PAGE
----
2. Background

Simulation and optimization techniques have successfully been used in the context of manufacturing in the literature. However, the analysis of solutions is often limited to manual methods and mostly focus on the objective space. This section offers a background of simulation and optimization, knowledge discovery in MOO, and knowledge-driven optimization.

2.1. Simulation and Optimization in Manufacturing Systems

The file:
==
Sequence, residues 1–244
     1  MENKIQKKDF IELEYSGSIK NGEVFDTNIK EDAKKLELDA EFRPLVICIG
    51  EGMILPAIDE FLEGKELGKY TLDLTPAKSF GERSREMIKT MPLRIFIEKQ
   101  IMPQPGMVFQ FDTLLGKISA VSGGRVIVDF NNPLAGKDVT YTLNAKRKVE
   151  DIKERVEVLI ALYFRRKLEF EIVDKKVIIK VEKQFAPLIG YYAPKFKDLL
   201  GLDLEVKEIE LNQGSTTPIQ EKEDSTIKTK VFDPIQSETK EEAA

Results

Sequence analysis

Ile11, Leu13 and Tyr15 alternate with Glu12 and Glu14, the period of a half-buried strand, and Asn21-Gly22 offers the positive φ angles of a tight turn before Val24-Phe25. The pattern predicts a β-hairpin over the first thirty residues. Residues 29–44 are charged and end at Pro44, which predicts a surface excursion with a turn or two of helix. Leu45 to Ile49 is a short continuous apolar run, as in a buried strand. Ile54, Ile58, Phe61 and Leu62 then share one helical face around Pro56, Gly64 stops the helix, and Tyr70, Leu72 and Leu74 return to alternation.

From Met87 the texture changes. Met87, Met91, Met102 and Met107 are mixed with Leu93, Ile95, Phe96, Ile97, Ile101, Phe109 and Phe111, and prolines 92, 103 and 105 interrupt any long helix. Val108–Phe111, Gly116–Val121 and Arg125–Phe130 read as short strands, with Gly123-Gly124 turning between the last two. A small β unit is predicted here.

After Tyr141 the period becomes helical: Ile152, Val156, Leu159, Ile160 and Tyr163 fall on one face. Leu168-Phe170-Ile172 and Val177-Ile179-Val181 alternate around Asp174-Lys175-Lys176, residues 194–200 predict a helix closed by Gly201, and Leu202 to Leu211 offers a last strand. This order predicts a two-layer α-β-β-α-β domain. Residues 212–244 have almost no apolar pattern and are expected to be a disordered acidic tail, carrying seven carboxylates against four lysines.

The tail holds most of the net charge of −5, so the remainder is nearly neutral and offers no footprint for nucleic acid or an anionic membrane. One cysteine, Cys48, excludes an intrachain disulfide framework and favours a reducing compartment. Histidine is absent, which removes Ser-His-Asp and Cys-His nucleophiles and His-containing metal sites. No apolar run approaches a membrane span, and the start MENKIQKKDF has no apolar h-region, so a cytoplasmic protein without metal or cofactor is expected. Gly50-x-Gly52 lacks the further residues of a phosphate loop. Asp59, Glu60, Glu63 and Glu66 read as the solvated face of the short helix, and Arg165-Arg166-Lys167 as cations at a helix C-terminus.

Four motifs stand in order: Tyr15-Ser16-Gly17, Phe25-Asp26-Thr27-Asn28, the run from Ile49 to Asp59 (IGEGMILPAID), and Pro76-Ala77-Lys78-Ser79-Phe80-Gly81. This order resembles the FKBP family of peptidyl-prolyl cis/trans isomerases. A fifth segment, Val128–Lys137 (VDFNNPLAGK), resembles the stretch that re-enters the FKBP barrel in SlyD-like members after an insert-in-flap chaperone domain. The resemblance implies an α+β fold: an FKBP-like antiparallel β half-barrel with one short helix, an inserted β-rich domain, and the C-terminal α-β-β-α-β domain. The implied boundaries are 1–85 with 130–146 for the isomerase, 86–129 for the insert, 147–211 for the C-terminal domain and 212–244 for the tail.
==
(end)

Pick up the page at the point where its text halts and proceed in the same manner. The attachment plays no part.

Regardless of the benefits of RMS compared to traditional manufacturing systems in achieving demand and capacity fluctuations, the design and management of these systems are considered a complex combinatorial NP-hard problem which therefore can be handled by the employment of simulation and optimization tools [7,11,12]. When it comes to RMS problems, meta-heuristic methods such as genetic algorithms have become very popular in the literature because they have shown better performance in generating near-optimal solutions [7]. In addition, simulation has been a satisfactory tool to support the modeling and analysis of manufacturing systems for many years [13]. Because of the complexity and dynamism inherent in manufacturing systems, engineers and DMs supported by simulation tools can perform better analysis and, therefore, obtain a better understanding of the real-world systems [14]. Concerning RMS, simulation has been identified in the literature as a supportive technique to handle the uncertainty found in these types of dynamic, evolving systems [15]. Still, considering that the complexity of today’s manufacturing systems is growing and that they need to consider a range of possible scenarios with a large number of variables to model and analyze, the use of simulation tools becomes nonfunctional. Alternatively, optimization methods could be employed to solve larger-scale NP-hard problems [7]. However, the majority of prior studies that applied optimization methods to RMS reduced the problem by excluding variability and stochasticity (e.g., machine failures) and therefore providing imprecise solutions. Therefore, studies that employed simulation and optimization separately have shown some of the above-mentioned shortcomings. Against these drawbacks, simulation-based optimization combines the benefits of simulation and optimization. In the literature, simulation-based optimization has successfully led to improvements in manufacturing systems. Consequently, SMO could lead to improvements in current RMSs [11,13].